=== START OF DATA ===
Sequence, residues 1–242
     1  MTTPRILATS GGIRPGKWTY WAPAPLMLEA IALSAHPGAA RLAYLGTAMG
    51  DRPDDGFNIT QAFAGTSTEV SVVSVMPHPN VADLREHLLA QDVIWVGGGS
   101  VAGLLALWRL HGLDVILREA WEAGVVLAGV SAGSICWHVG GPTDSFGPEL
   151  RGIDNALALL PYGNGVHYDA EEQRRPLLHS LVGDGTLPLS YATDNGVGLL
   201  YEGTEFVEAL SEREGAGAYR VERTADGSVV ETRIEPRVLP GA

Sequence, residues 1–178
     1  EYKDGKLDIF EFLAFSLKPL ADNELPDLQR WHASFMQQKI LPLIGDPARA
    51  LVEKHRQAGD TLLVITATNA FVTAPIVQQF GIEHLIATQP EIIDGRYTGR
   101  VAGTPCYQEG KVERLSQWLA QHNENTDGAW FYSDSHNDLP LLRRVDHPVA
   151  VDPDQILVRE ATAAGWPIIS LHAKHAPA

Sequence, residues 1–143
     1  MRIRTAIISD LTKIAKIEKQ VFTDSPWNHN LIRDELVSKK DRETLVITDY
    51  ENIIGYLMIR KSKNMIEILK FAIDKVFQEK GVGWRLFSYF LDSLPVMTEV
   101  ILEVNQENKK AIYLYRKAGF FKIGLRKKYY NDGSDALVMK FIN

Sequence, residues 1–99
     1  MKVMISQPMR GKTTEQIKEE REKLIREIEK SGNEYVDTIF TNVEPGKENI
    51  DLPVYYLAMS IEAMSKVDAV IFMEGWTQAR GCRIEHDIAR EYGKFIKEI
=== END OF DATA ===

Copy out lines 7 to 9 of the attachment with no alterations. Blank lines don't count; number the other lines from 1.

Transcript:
Sequence, residues 1–178
     1  EYKDGKLDIF EFLAFSLKPL ADNELPDLQR WHASFMQQKI LPLIGDPARA
    51  LVEKHRQAGD TLLVITATNA FVTAPIVQQF GIEHLIATQP EIIDGRYTGR